To answer funding questions, Smith explains his funding came through the Mississippi River Basin Healthy Watershed Initiative, a program by the Natural Resources Conservation Service (NRCS). In addition, he lists other partners including the Iowa Soybean Association and The Nature Conservancy. Compared to some other watersheds, Smith says, the Boone River Watershed does not have an organized farmer-led group to spearhead these efforts, so these organizations have reached out to get things started. As stories are shared, farmers who do take advantage of NRCS funding report having strong relationships with their local soil and water professionals. Other farmers, who are cautious of some of the strings attached, share how they are finding independent ways to get cover crops started on the land. All of them seem to share a preference to take the lead on this instead of being forced to do so.
After listening to the influence other farmers have had on their neighbors, Gerber, Wilke and Smith make it a priority to get more farmers involved and encourage them to try these practices. “In my area, we’re at the very beginning stages before we get to where the Mill Creek or Galena group is, but we need to keep stoking the fire,” Smith said, “and increase the awareness of the problem.”
Protecting Healthy Streams
John Scherder shares how he collaborates with Missouri Department of Conservation biologists Sherry Fischer and Chris Williamson to initiate cover crop use on Peno Creek area farms. He and 26 other producers, working together as the Peno Creek Cooperative Partnership, have planted more than 1200 cover crop acres in 2016. Peno Creek’s waters are clear and offer high-quality habitat for small mouth bass and rock bass, so efforts here are targeted to improve soil health and protect a relatively healthy stream system.
As Sandy Scherder shares a photo of their grandchildren playing in the stream, her husband John says, “We want to protect and keep what we have here.” Based on earlier reports from farmers initiating spring nitrogen applications in Central Illinois’ Indian Creek watershed, he wants to expand the work with additional farmers into a neighboring watershed focusing on nutrient management. During an evening gathering, crop consultant Wayne Solinsky, from Mill Creek Watershed near Stevens Point, Wisconsin, makes a point of connecting with Scherder on this.
Cost Effective Nutrient Management Plans
“A nutrient management plan is a viable tool for farmers to save money,” Solinsky later explains. “Nutrient management plans can be a win-win tool for everyone. The fewer nutrients used, the more it stays on the farm and the less often it runs into the water.” For his clients, it’s about a maximum return of nitrogen ratio that doesn’t pay to exceed. “When you are looking at costs, they are giving up some yield, potentially, but economically, it’s not in the farmer’s best interest to get to the point of diminishing returns.” Solinsky observes that when his farmers give him accurate information and data on their practices going into the plan, they get valuable information out of it, and their collaboration is effective.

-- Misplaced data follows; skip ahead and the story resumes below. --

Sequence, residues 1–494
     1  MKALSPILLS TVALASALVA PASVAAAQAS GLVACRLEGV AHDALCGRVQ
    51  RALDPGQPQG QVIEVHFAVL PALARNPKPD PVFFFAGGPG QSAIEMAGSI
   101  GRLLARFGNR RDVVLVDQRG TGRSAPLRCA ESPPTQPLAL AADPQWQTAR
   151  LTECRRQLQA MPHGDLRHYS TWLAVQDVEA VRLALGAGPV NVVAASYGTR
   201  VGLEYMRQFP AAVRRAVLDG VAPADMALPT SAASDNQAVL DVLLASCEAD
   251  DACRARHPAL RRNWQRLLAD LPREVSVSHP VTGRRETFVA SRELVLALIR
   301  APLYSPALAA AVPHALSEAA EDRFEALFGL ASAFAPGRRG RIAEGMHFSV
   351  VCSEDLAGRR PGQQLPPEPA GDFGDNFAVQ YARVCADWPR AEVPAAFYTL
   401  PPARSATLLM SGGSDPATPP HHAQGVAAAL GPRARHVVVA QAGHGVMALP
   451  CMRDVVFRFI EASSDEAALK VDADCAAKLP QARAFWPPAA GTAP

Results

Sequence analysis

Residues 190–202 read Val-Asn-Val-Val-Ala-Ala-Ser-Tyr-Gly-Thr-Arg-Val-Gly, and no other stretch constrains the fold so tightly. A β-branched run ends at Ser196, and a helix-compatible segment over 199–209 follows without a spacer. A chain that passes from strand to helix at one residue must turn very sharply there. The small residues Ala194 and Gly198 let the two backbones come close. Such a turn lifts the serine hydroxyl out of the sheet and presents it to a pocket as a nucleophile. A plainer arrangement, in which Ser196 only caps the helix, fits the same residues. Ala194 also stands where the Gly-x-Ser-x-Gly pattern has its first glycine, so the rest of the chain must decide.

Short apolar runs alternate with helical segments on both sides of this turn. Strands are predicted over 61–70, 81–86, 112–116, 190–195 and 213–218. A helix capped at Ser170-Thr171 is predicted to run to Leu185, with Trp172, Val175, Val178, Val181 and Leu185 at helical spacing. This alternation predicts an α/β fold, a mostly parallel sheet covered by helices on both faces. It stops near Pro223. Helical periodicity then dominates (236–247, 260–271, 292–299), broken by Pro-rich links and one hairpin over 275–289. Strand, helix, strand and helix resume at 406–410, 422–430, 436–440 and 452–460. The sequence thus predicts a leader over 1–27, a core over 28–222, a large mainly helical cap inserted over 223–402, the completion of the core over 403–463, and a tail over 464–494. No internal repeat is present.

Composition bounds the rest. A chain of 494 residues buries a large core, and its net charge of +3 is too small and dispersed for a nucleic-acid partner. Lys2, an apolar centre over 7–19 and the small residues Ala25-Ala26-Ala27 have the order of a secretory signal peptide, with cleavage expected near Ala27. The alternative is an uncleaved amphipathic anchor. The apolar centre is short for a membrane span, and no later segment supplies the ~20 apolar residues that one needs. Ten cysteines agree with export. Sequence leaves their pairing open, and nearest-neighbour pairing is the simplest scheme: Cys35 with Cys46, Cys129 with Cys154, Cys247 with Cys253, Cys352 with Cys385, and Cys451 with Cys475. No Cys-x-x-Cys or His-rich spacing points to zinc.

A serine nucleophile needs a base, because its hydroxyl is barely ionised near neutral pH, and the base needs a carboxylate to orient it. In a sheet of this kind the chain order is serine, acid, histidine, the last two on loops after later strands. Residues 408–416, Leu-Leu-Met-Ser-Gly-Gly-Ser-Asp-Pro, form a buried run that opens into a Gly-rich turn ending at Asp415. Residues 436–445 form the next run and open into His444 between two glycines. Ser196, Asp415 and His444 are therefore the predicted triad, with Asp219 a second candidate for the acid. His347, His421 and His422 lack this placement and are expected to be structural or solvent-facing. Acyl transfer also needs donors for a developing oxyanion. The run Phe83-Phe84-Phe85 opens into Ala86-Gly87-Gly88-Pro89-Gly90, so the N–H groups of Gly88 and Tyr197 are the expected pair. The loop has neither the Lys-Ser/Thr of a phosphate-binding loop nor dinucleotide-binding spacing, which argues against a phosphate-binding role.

Solinsky accompanies an expressive farmer, John Eron, of Wisconsin’s Mill Creek Watershed, to Dubuque.
Additional Field Trips and Networking
After two days of Eron’s enthusiastic stories about progress in the Mill Creek Watershed, several key leaders from Viroqua, Wisconsin, and Galena, Illinois accept invitations and make plans to attend a field tour of cover crops at the Farmers of Mill Creek Watershed Council annual meeting near Stevens Point, Wisconsin. “It’s nice to not work in a vacuum,” says Beth Baranski of Galena. Baranski invites the group to attend her community’s next public meeting, which will be lead by Galena’s League of Women Voters. She is coordinating local efforts to start a collaborative two-year watershed planning process for the impaired Galena River in the Apple Plum Watershed. This has local farmer support, as well as funding from the Environmental Protection Agency (EPA). Together, she and her fellow community leaders are partnering with the local Rotary International club, as well, this winter to engage more people.
And so, as the snow accumulates and winter settles into these Midwestern states, the fields may appear to lay dormant. Yet, plans are in the making and inspiration continues to grow from a network of diverse neighbors, each with their own levels of expertise, working towards a new vision for real watershed leadership.
“It might be possible for me to be a part of the solution,” said Dave Gerber, “instead of just an observer.”
— By Anne Queenan